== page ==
There is a kind of friction here, a happy pick ‘n’ mix attitude, dressing up in different outfits: e.g. in ‘Purple Lipstick Goth Breath’, “in the makeup aisle, I’ll pick things / up and put them down. […] O fancy face gunk, save me from myself and my city.” I enjoy this cheerfulness – there is sometimes so much heaviness in poetry – but the pamphlet is strengthened by moments in which levity is leavened with a willingness to be vulnerable. ‘Moving’ is, well, moving:

At 24, she tells a man while drunk,
“You’d look good with a beard.”
He grows one and helps her move to the ocean.

Alone, she finds she loves
the tick of clocks,
the growl of waves,
the sizzle of olive oil on the stove.

In these touches of tenderness, directness and realism, Bad Baby avoids the so-what-ness that persistent irony otherwise risks. ‘Dawson Gets A Haircut’ is trendy but touching, while ‘New Rituals’ offers a litany of small comforts and ways-to-be-happy (“Tell people when they’re magnificent, and why”). ‘Royalty’ ambitiously attempts to synthesise a contemporary moment which is all about distraction, comfort, consumerism and entertainment, switching from full stops to commas, which increases its flow:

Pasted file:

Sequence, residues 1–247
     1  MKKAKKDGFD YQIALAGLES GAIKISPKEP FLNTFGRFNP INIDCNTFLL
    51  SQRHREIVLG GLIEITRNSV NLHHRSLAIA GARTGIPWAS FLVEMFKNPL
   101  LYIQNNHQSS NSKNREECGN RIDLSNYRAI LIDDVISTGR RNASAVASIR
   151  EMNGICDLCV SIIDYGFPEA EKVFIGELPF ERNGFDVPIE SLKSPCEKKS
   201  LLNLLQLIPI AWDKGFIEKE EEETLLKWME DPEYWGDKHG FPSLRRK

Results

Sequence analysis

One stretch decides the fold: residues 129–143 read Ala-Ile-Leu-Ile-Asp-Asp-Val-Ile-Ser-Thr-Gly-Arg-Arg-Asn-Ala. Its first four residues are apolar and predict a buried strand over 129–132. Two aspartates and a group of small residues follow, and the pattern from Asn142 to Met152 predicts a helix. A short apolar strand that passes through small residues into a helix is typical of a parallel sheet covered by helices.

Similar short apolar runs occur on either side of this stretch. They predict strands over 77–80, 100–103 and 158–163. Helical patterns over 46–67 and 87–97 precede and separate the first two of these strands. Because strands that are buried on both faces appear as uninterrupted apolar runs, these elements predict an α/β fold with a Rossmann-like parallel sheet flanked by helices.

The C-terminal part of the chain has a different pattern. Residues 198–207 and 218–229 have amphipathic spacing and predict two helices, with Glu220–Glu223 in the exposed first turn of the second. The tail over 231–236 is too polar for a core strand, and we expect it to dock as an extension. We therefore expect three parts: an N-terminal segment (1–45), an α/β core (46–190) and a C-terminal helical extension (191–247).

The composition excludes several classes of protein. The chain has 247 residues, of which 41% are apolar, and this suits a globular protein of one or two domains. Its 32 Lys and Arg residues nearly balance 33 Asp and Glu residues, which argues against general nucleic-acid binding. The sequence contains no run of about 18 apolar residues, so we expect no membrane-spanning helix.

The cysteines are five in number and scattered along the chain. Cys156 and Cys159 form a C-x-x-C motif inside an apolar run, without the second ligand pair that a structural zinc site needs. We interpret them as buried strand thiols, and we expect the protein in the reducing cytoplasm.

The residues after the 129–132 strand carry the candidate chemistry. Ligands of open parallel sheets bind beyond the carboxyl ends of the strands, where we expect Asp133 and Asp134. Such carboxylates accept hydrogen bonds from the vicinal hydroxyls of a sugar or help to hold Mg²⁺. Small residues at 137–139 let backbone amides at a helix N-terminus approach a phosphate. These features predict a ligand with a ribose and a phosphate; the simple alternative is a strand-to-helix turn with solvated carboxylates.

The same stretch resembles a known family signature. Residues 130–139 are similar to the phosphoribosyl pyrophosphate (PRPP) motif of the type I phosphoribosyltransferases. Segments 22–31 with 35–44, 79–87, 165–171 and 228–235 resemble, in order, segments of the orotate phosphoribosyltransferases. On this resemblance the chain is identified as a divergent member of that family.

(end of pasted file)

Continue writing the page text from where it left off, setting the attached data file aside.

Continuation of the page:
[…] millions of people have paid for
you to learn how to read and paved the roads for you to drive to
people that you think about that will leave you and your heart will
break but they’ll give you their chairs, or a rice cooker, or some spices
that will feed you when combined with cheese from your magical
refrigerated box, which back then would have gotten you burned
as a witch. I forgot to mention: They’ll also pay to send you to war.

There is a quiet presence to the final poem, ‘Stable’, about tending to horses, being both nurturer and breaker of them. This is a strong end note in a young, curious pamphlet, in which Welhouse seems to be trying different strategies out, tasting and experimenting, tempting the poems into view like skittish horses:

These horses welcome me, then run.
I am the rubber of ears,
bringer of apples,
healer of welts.

I am the tightener of girths,
inserter of metal,
puller of reins.
I ask them to bend.